Over time I’ve come to realize that kids’ parties aren’t as simple as they used to be.
For many of my birthdays in June my mom invited all of my friends to come hang out at the local pool. Given some Popsicles, soda and cake (sugar high, anyone?), we were set for the afternoon. There was no way I could have talked my parents into an extravagant sweet 16 party, a la the recent MTV series “My Super Sweet 16.”
Simple parties can still be memorable, especially for the younger age groups. I spoke to Donna Dilley, the local area
director for the National League of Junior Cotillions, for some tips on how to throw an affordable party while still following the rules of party etiquette.
While paper invitations are being used less and less today, Dilley likes the classic invites as opposed to digital eCards. And physical cards don’t have to be expensive.
Have a set party budget and let your child help you pick out invitations or make their own. Check out dollar stores, clearance sections and craft stores’ card stock, which can be easily decorated with scrapbooking materials. Postcard invitations are usually cheaper and also save on postage costs.
If you’re not up for inviting your child’s whole class, which can lead to overstimulation and overspending, Dilley recommends following a simple formula: age of the child plus one. Mailing out paper invitations will also help avoid disappointment from children who were not invited.
Party favors are not essential, but they can be built in to the activities for children.
“Favors are a nice thing to have to send the guest home with, but they don’t need to be a necessity. You can build your favor into the activities you’re doing at the party — decorate your own cake, paint a picture, make a picture frame, bead your own necklace,” Dilley said.
Once the kids are through with the activity it will be time to go and they can head out with their homemade swag.
Some other affordable party crafts include cookie decorating, pizza making and model making. Have some of the basics done before the kids arrive, like baking the cookies or buying pre-made pizza dough.
Not only will these party favors keep partygoers occupied, they can be more affordable and better quality than toy trinkets and candy.
The party activities that involve food can also help you knock out two expenses with one: You’ll need fewer snacks and have your favors taken care of. If it’s an afternoon or midmorning party, Dilley says you don’t need to feel pressured to provide a meal.
“Providing something salty, something sweet, like cake, and drinks is sufficient,” she said.
If you are having a party during meal time, keep it simple. Stick to finger foods that are easy for kids to eat and that a majority of kids have a taste for, like chicken nuggets, pizza, simple sandwiches, veggies, fruit and pretzels or chips.
If you opt to pick up food from a restaurant, like pizza or party trays, always search for a coupon or call ahead to see if they are offering a special group deal.
If you’re throwing the party at a location where certain children may want to enjoy additional activities, such as Chuck E. Cheese’s, parents should be prepared cover any extra costs. There’s no need to go over budget to provide supplementary tokens, food or treats outside of what you planned to offer.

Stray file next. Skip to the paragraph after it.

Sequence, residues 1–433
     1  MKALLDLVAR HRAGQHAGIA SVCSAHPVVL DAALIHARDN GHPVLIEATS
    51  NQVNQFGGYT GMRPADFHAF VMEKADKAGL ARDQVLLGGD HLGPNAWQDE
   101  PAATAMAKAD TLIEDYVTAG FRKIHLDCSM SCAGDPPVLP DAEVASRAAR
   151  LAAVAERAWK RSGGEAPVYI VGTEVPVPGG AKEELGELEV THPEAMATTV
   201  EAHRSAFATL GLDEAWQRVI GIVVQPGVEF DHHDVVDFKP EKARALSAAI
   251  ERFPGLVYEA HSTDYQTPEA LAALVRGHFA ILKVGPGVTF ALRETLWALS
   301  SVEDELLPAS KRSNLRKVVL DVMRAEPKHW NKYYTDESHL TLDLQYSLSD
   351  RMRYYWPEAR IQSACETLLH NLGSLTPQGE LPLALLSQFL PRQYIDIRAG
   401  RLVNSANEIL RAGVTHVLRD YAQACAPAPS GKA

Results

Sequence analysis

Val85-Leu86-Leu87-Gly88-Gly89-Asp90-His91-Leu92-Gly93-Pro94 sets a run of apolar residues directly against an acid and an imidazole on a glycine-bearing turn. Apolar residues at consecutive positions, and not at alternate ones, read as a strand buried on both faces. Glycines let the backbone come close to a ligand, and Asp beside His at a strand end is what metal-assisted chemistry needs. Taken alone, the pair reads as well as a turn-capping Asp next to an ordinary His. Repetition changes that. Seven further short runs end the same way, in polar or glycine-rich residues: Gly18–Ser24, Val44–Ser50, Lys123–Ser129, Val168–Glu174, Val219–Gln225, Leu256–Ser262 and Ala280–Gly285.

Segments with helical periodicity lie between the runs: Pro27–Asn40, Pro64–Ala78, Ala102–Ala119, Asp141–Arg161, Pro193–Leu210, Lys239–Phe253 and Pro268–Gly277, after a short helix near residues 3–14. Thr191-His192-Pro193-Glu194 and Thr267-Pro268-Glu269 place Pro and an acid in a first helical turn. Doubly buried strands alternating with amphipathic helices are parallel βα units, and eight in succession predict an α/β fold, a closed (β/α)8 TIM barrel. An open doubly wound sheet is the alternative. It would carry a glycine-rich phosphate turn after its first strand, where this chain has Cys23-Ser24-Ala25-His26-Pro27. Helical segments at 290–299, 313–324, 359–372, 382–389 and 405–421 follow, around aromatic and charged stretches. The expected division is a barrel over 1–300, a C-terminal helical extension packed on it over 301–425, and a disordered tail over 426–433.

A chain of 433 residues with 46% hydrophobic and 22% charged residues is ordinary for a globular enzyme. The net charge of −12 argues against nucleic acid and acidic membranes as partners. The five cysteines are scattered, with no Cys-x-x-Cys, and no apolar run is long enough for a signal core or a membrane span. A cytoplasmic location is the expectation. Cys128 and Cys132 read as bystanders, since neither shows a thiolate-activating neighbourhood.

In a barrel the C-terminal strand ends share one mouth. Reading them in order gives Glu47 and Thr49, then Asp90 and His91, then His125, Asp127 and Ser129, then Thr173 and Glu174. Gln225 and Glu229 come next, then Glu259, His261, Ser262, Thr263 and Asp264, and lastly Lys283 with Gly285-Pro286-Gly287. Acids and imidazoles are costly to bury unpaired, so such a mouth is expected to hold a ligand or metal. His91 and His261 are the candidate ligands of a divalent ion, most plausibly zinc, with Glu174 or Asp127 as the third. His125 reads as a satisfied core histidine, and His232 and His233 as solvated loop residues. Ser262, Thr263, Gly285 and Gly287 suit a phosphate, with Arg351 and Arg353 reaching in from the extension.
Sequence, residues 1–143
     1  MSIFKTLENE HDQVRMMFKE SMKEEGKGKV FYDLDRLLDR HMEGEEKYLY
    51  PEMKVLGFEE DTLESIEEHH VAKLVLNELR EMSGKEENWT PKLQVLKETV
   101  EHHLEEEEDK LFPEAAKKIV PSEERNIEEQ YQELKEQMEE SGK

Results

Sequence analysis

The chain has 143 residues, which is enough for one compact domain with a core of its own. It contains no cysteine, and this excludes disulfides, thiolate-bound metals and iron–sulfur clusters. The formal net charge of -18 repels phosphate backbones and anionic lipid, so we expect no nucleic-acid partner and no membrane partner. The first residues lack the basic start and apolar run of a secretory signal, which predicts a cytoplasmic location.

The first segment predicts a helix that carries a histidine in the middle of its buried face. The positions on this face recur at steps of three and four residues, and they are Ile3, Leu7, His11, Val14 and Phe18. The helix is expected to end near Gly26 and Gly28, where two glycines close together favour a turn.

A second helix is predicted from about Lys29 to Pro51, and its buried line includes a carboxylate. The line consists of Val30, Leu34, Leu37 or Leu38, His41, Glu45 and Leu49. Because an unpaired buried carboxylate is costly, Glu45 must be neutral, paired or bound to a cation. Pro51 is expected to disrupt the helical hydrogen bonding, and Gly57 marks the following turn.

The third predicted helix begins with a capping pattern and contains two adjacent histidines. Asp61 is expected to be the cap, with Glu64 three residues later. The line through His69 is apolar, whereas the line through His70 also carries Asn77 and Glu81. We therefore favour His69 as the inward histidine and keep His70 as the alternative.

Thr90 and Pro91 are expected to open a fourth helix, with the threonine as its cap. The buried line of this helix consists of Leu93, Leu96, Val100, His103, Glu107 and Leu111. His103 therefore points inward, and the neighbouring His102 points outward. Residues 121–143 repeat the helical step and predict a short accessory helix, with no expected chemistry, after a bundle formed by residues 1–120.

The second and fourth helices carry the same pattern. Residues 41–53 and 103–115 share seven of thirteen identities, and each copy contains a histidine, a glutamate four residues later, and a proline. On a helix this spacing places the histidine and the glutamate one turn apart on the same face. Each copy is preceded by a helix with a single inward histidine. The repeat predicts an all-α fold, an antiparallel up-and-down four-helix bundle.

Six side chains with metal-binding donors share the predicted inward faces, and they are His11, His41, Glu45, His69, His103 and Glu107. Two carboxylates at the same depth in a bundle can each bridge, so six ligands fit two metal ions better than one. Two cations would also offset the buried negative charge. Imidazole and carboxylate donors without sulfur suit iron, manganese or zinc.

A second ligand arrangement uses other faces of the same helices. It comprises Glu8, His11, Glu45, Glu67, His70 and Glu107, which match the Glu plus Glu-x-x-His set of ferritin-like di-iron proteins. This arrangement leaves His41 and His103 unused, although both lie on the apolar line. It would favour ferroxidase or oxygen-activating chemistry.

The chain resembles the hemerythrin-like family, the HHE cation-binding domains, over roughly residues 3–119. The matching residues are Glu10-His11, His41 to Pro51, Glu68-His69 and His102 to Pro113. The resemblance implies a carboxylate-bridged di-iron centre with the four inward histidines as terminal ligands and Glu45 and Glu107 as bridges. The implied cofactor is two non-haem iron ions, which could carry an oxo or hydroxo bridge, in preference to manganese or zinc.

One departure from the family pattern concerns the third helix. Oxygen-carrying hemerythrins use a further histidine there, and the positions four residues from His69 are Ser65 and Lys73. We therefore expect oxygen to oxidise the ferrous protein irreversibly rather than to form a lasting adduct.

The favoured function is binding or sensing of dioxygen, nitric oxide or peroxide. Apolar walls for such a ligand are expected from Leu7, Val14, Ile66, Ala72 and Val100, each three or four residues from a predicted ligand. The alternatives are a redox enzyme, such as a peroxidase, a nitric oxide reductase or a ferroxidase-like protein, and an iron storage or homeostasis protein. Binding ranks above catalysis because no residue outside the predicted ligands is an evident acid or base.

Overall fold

“Parents should be mindful that hosts are on a limited budget, and it can be a learning opportunity for kids to be thankful for what’s provided,” Dilley said.
When it comes time for kids to open gifts, it’s important to take note of who gave what for thank-you cards.
If there are gift duplicates, consider donating the duplicates to charity (another great teaching opportunity), passing them on to a younger sibling or, depending on your relationship with the gift giver, explaining the situation and asking for a gift receipt.
If the children are too young to be able to share the new gifts, hold them to be opened until after guests leave, Dilley suggested.
Thank-you cards seem to be on the verge of extinction, but that doesn’t mean they’re not important.
“As soon as they’re able to write, you can start teaching them about being thankful about the things in their life and how to be considerate to others,” Dilley said.
Like invitations, thank-you postcards can save on postage or kids can make their own.
I like the idea of taking a group photo at the party and creating a photo postcard that can double as a party favor and a thank-you note. Stores like CVS, Target, Walgreens, Sam’s Club and Walmart all offer affordable photo services. It’s possible to find coupons for prints, as well.
Budgeting is important
Throwing a party doesn’t have to be expensive, but it’s a good idea to get the kids involved in the planning to help them learn about the value of things. Getting everyone together to celebrate can be a special experience in itself.
“I think the most memorable parties are when the children can sit down and be in a hands-on activity,” Dilley said. “It could be cooking together or making your own jewelry or putting together some type of model.”
The most important thing to remember is to stick to your budget. Think back to the stories other parents have told about kids playing with the cardboard boxes their expensive toys came in, rather than the toys themselves — kids can always find a way to be entertained.
What tips do you have for throwing a successful kid’s party?